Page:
Avoid resentment in your marriage with these expert pointersBy Kerry Miller
Despite the picture-perfect impressions we get from upbeat Facebook posts or boastful holiday letters, even the healthiest marriages aren't 100% free of conflict. At some point, virtually everyone feels wronged by a romantic partner. Bob Navarra, PsyD, a Licensed Marriage and Family Therapist (LMFT), says that those feelings aren't what throw a marriage off course-it's how couples handle them. "While it may be frustrating that the toothpaste cap was left off, happy couples talk about these small things," he says. But when those emotions are swept under the rug, a more toxic variety of negativity begins to fester: resentment. Here, marriage experts share some of the most common reasons husbands resent their wives and how to protect your relationship. Photo by Getty Images.
1. Not fighting fair.
Happy couples don't necessarily fight less, Dr. Navarra says; they just fight better, by "describing their own feelings and needs rather than labeling their partner as faulty." And the ball is probably in your court for that. Research shows that wives are more likely to bring up problems for discussion, while husbands are more likely to withdraw at the first sign of an argument. When this keeps happening, women tend to start conversations on a negative note, which only makes things worse. Instead of resorting to personal attacks-"You're such a slob!" "We're going to be late because of you!"-which lead to defensiveness, Dr. Navarra recommends sticking to "I-statements," such as "When (this happens), I feel (frustrated, angry). What I needed was..."
Related: 9 Fights You Should Have With Your Husband.
2. Treating him like a child.
"A big issue I see in couples is a man resenting his partner because he feels she talks down to him," says Mary Kelleher, LMFT. This can leave him feeling "less-than," and nothing triggers resentment faster than inadequacy. So avoid threatening his independence-the way pressuring him to go for a promotion so he'll bring home more money may be perceived-suggests couples therapist Vagdevi Meunier, PsyD. "No one wants to feel 'managed' by a spouse," Dr. Meunier says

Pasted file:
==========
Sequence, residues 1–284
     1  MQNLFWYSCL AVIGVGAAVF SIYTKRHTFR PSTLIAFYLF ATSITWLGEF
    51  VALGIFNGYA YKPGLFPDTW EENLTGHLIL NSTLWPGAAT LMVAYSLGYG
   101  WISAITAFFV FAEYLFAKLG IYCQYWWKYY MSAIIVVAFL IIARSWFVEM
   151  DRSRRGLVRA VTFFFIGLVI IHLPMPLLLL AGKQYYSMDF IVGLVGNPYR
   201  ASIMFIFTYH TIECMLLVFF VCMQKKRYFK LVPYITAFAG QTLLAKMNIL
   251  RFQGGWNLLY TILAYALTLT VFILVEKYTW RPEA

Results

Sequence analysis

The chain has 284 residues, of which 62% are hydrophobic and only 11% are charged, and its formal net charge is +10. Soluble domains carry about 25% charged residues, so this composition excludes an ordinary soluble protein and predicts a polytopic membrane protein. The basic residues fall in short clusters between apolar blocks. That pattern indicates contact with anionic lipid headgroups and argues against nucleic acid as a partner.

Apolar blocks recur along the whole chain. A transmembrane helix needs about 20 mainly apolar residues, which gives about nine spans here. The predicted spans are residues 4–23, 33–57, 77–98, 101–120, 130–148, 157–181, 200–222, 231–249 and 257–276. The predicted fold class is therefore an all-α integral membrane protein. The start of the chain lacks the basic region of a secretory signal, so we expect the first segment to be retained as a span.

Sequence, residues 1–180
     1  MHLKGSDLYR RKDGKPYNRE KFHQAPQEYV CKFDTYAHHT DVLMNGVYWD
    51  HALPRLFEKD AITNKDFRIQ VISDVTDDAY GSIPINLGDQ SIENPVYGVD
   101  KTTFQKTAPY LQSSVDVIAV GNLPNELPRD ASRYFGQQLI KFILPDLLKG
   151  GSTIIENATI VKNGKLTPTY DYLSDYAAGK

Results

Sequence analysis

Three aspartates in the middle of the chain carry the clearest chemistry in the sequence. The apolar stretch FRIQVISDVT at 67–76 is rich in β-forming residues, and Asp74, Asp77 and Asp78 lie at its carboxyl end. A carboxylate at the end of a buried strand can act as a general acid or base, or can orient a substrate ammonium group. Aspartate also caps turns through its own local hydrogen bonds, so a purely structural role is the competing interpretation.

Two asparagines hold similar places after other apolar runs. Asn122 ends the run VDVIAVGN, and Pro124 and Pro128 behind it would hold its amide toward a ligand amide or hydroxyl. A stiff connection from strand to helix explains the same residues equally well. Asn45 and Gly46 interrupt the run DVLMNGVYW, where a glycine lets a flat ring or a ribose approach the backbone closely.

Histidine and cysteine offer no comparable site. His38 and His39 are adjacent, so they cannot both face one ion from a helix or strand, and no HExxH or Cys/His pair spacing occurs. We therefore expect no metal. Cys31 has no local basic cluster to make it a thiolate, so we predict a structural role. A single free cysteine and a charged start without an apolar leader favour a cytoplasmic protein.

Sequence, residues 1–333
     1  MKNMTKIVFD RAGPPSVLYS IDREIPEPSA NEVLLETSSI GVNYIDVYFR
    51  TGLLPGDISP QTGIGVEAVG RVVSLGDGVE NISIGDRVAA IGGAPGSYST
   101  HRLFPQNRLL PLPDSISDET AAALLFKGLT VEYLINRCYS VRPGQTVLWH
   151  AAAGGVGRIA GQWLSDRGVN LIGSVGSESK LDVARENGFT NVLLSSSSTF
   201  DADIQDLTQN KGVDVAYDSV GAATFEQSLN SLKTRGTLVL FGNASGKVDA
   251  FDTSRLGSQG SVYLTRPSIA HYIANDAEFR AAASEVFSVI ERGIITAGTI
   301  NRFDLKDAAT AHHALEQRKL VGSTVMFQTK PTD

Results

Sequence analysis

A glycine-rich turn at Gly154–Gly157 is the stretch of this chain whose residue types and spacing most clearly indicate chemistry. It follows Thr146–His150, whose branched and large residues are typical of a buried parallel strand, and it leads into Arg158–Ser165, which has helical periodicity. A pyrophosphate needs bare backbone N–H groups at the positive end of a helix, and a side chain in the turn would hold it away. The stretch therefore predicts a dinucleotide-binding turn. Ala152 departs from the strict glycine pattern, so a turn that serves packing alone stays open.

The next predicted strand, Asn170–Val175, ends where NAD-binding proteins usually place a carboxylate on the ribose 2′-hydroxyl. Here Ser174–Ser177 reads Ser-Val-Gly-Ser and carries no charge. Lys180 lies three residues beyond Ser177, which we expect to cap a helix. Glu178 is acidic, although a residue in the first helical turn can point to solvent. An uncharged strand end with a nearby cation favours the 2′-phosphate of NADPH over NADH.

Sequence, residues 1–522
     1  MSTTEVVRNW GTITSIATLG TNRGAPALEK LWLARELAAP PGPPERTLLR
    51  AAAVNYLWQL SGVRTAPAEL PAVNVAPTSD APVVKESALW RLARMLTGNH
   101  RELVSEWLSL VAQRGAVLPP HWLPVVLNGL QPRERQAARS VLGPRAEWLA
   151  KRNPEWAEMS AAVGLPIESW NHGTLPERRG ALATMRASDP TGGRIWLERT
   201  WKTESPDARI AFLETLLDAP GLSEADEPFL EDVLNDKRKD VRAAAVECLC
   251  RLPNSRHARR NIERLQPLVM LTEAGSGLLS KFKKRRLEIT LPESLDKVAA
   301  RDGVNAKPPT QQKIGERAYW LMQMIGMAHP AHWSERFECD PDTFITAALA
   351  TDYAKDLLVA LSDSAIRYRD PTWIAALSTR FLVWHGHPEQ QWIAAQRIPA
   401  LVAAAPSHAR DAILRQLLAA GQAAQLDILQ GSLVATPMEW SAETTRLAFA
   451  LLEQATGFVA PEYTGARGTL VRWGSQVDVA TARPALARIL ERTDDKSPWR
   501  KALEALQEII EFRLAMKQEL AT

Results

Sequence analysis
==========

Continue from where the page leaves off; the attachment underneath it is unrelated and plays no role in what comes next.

3. Involving other people in your marriage.
What you might think of as harmless complaining to friends and family can actually break your husband's trust. It threatens the safety of the "couple bubble" you've created together. "Men find this humiliating and hurtful," says Norene Gonsiewski, Licensed Clinical Social Worker (LCSW), a couples' therapist at the Portland Relationship Center in Oregon. If you really need to vent, consider talking to a doctor or therapist to keep things confidential.
Related: 25 Ways To Improve Your Relationship
4. Not showing appreciation for thing he does right.
"Men will never ask for it," Gonsiewski says, but regular doses of praise are important. "They need to hear that their wives are proud of them." Scott Haltzman, MD, author of The Secrets of Happily Married Women, notes that men tend to be more action-oriented than women, which means they show affection in different ways. "He may empty the dishwasher as a way of saying he cares about you." Haltzman's suggestion: "Pay attention to what he does, and let him know you notice."
5. Withholding sex as punishment.
While women generally need emotional intimacy to make love, men express emotional intimacy through sex, says Marla Taviano, author of Is that All He Thinks About? When a wife turns down sex, in her husband's mind, "she's turning him down as a person," explains Taviano. Using sex as a bargaining chip to get your needs meet isn't negotiating-it's emotional blackmail, which can alienate him. "Withholding sex may make your partner feel less love from you and give you less love in return," says Dr. Haltzman.